Assassin’s Creed Odyssey releases next Friday, 5 October, transplanting the mix of stealth, action and history that the Assassin’s Creed franchise is famous for, to a Classical Greek setting. Time will tell what the full game is like, but the preview we played felt like a satisfying refinement of the already-extensive gameplay overhaul central to last year’s Assassin’s Creed Origins.
The big deal about Odyssey – its big differentiator from Origins – is that it pushes the series into full-blown RPG territory for the first time. “The choices you make in Odyssey really and truly impact the story and the outcomes you will have,” as the game’s Senior Producer, and franchise veteran, Marc-Alexis Côté explained to us during this interview.
One of the biggest choices you’ll make right at the start of the game is whether you’ll play as Alexios or Kassandra, two siblings and descendants of legendary Spartan king Leonidas (he of the Battle of Thermopylae fame). While Alexios has dominated marketing material for Odyssey, evidently players are relishing the opportunity to play an entire main Assassin’s Creed game as a female character. According to this small Twitter poll, Kassandra is far ahead in the popularity stakes. (She – and not Alexios – is also the canon protagonist in the official novel adaptation of the game, for the record).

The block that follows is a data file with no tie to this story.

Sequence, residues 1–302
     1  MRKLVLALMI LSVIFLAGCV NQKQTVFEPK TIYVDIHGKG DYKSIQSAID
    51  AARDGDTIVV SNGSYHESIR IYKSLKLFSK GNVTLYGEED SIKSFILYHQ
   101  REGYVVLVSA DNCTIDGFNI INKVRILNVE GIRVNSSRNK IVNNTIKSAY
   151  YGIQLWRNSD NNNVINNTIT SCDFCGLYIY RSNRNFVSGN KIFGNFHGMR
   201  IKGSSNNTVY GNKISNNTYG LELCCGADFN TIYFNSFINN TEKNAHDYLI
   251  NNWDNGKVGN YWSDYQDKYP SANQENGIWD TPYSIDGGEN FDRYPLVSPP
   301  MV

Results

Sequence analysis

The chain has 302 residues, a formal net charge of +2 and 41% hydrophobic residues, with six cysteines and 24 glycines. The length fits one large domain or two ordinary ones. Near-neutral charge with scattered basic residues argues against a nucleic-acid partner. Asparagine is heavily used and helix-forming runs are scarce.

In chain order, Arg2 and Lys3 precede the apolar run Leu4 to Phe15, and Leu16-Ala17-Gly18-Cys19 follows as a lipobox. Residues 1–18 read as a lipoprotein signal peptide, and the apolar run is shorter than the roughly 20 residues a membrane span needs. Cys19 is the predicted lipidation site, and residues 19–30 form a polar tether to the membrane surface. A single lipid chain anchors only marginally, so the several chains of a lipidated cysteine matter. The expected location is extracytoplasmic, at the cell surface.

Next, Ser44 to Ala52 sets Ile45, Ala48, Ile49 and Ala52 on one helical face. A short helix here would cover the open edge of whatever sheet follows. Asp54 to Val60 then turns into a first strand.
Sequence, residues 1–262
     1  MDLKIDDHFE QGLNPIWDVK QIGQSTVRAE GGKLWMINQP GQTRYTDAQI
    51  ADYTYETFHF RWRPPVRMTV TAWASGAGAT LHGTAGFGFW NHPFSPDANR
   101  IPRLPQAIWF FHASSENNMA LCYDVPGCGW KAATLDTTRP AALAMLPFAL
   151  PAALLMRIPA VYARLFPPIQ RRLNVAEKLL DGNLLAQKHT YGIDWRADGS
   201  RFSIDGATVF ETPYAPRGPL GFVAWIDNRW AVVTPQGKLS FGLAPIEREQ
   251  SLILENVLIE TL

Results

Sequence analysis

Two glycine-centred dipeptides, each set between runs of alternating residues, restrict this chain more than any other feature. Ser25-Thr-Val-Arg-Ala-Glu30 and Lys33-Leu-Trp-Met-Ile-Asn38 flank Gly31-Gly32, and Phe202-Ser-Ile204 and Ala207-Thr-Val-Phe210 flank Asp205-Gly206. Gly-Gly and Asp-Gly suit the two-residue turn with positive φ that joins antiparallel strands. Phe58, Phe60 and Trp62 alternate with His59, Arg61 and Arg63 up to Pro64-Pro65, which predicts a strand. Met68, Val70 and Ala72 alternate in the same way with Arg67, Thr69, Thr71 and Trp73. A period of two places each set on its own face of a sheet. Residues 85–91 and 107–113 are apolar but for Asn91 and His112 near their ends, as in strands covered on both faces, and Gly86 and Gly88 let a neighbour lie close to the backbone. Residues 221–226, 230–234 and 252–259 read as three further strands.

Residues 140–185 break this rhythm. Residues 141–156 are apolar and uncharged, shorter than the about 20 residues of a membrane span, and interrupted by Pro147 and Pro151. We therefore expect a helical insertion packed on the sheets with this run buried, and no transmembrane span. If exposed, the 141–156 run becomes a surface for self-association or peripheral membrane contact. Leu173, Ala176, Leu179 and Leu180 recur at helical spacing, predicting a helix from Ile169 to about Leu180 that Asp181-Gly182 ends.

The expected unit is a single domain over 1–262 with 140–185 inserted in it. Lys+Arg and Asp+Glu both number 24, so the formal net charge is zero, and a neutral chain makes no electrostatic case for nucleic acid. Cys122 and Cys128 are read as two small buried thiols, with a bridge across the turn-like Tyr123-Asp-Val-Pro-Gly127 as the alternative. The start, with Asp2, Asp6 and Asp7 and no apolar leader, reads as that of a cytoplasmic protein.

Having been hands-on with the game’s opening two acts, here are just some of the reasons you’ll likely find yourself as a card- (or spear-) carrying member of Team Kassandra very soon.
1) She’s physically strong
Continuing the year’s trend of “strong is sexy” for in-game heroines, Kassandra’s bicep action even puts Lara Croft’s arm game in Shadow of the Tomb Raider to shame. She’s seriously buff. In line with her profession as a mercenary, Kassandra is muscled, and heavily veined – although her physical definition is quickly obscured by the armour she acquires. This said, as with Assassin’s Creed Origins, you can toggle Kassandra’s hoods and helmets on and off, allowing you to enjoy their benefits without obscuring the heroine’s face.
2) She’s a tough, likeable survivor
Within seconds of meeting Kassandra, the player sees her take a punch to the nose from a fellow warrior-for-hire. A few seconds later, she’s put her rival, and his companions, on the ground. Kassandra is a heavily scarred survivor, but she’s not wrapped up in her trauma. Naturally a troublemaker, she has a short temper and a smart mouth – for better or worse –as well as a wicked sense of humour. This adds an extra layer of likeability to her character.
3) She’s your favourite heroines rolled into one
Arya Stark. Aloy. Xena. Maybe a tiny bit of Bean. These fan-favourite female protagonists from across the Pop Culture spectrum are all present in Kassandra’s character. The player meets Odyssey’s heroine (or anti-heroine?) as a world-weary, low-level mercenary trying to carve out a hand-to-mouth existence on her adopted home of Kephallonia. She’s an exile. An outcast. The fierce, rebellious daughter of a Spartan king, forced to flee by family tragedy that largely stemmed from her own impulsiveness. Alone in the world since childhood, she’s had to do many morally-dubious things to get by, and align herself with all kinds of morally-dubious people. Yet for all the fights, thievery and murder, there’s potential in her for world-changing greatness.